The 2018 Edition of Horizon Roses brings us a total of 1,590 reports, up from the 1,524 reports recorded last year. This is a small increase of 4% and reverses an annual decline over the preceding six years. Reports were received on 252 varieties, compared to 237 varieties last year, also a small increase.

My annual “Box Score” below summarizes the 2018 reports received on various varieties. Reversing a trend in recent years, there were more reports on minifloras than any other classification. Reports on hybrid teas and grandifloras are down somewhat, while reports on floribundas, minifloras and miniatures all increased. The average number of reports per reporter held fairly steady at 15.9 reports, compared to 16.7 reports last year.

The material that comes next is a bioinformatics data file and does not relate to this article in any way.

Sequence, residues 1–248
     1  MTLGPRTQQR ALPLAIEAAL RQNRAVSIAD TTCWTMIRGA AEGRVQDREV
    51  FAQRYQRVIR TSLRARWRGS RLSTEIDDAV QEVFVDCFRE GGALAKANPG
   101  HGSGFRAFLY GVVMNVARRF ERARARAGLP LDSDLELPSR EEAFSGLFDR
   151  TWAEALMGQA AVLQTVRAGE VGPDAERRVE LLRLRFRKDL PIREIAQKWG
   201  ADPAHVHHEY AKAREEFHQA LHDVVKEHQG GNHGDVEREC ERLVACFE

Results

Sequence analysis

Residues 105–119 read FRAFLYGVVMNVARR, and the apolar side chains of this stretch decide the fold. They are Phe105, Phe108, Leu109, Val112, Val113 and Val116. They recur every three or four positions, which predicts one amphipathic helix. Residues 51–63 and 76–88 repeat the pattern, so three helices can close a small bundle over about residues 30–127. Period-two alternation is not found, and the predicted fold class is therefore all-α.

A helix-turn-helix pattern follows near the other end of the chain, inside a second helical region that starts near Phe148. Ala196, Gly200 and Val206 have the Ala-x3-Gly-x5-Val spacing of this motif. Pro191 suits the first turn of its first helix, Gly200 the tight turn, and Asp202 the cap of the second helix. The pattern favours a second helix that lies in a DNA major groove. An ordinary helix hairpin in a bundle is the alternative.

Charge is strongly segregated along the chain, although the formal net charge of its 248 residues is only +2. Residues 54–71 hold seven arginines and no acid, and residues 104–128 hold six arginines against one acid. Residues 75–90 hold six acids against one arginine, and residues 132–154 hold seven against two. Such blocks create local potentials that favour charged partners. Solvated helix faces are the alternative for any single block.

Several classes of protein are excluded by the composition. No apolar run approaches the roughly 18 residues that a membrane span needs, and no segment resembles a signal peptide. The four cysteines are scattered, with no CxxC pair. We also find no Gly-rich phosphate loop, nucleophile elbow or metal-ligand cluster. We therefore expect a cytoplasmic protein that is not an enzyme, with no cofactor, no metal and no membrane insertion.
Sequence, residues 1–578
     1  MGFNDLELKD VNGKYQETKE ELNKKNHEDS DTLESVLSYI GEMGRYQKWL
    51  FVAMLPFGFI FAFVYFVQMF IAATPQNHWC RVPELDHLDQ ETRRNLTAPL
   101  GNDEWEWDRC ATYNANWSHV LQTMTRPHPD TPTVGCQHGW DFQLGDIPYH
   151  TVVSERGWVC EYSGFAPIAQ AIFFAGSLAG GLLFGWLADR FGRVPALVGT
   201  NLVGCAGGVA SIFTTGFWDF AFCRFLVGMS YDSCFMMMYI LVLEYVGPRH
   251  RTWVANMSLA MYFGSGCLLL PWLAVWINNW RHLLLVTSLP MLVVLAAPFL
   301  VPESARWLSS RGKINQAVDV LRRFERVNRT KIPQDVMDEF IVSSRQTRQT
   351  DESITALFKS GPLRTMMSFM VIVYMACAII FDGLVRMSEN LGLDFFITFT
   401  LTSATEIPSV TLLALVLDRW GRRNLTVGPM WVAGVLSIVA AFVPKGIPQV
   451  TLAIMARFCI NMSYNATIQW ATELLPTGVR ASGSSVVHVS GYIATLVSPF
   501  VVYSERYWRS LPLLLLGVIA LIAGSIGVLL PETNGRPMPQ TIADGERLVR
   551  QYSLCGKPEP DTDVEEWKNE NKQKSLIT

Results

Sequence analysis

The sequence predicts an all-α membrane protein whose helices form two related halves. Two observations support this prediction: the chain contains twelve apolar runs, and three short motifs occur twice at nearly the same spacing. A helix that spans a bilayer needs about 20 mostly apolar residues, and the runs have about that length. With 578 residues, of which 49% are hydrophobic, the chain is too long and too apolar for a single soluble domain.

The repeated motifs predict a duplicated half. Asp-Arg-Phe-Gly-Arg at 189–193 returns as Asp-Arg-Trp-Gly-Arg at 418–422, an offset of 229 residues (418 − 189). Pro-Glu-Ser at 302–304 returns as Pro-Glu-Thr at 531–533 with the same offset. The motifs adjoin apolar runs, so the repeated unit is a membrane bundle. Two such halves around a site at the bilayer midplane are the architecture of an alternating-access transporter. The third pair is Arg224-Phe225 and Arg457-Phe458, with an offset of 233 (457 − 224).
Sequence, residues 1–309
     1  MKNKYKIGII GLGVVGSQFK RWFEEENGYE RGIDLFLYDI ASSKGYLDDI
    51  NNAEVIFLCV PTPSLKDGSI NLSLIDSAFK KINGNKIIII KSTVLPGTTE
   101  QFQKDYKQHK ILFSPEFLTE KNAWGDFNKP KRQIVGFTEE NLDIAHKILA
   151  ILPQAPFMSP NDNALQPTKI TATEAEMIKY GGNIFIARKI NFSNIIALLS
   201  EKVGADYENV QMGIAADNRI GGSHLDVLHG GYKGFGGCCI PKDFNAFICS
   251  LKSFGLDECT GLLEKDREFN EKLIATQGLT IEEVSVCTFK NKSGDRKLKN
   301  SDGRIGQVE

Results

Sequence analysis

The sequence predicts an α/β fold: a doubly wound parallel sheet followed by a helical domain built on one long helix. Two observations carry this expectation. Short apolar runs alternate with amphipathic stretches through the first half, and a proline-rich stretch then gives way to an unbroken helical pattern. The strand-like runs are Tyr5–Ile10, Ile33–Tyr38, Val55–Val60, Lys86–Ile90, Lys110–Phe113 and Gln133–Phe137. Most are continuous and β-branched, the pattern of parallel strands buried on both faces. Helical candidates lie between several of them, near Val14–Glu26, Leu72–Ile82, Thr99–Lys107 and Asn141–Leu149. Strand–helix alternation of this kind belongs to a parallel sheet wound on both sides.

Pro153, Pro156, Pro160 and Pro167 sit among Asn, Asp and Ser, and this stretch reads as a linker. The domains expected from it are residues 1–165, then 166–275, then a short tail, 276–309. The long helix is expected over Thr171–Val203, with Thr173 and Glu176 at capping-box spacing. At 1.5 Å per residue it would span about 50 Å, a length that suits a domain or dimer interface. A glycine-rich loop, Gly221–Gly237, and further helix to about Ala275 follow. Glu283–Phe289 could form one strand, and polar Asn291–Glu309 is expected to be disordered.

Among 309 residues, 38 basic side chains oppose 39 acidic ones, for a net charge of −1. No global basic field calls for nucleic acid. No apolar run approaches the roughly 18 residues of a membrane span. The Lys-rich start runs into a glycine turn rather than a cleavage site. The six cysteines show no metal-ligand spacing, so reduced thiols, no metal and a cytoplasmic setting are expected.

The 2018 edition also marks the seventh edition of the publication of Horizon Roses in an electronic version both for the Kindle and as a pdf. The 2017 and earlier editions continue to be available from Amazon for the Kindle. The reasons for this change have been previously explained, including the cost of printing and postage, and the editorial problems in fitting all the comments into the funny looking mailer that had been used for so many years. These were compelling reasons but certainly the best has been the ability to include color photographs, an addition that continues to receive great praise from the readers. For the 2018 edition, I have included 201 photos, representing nearly 80% of the varieties on which reports were received. I have also continued my efforts to improve the quality of the pictures, to which I credit a number of contributors, including my beautiful wife Dona who is an excellent rose photographer.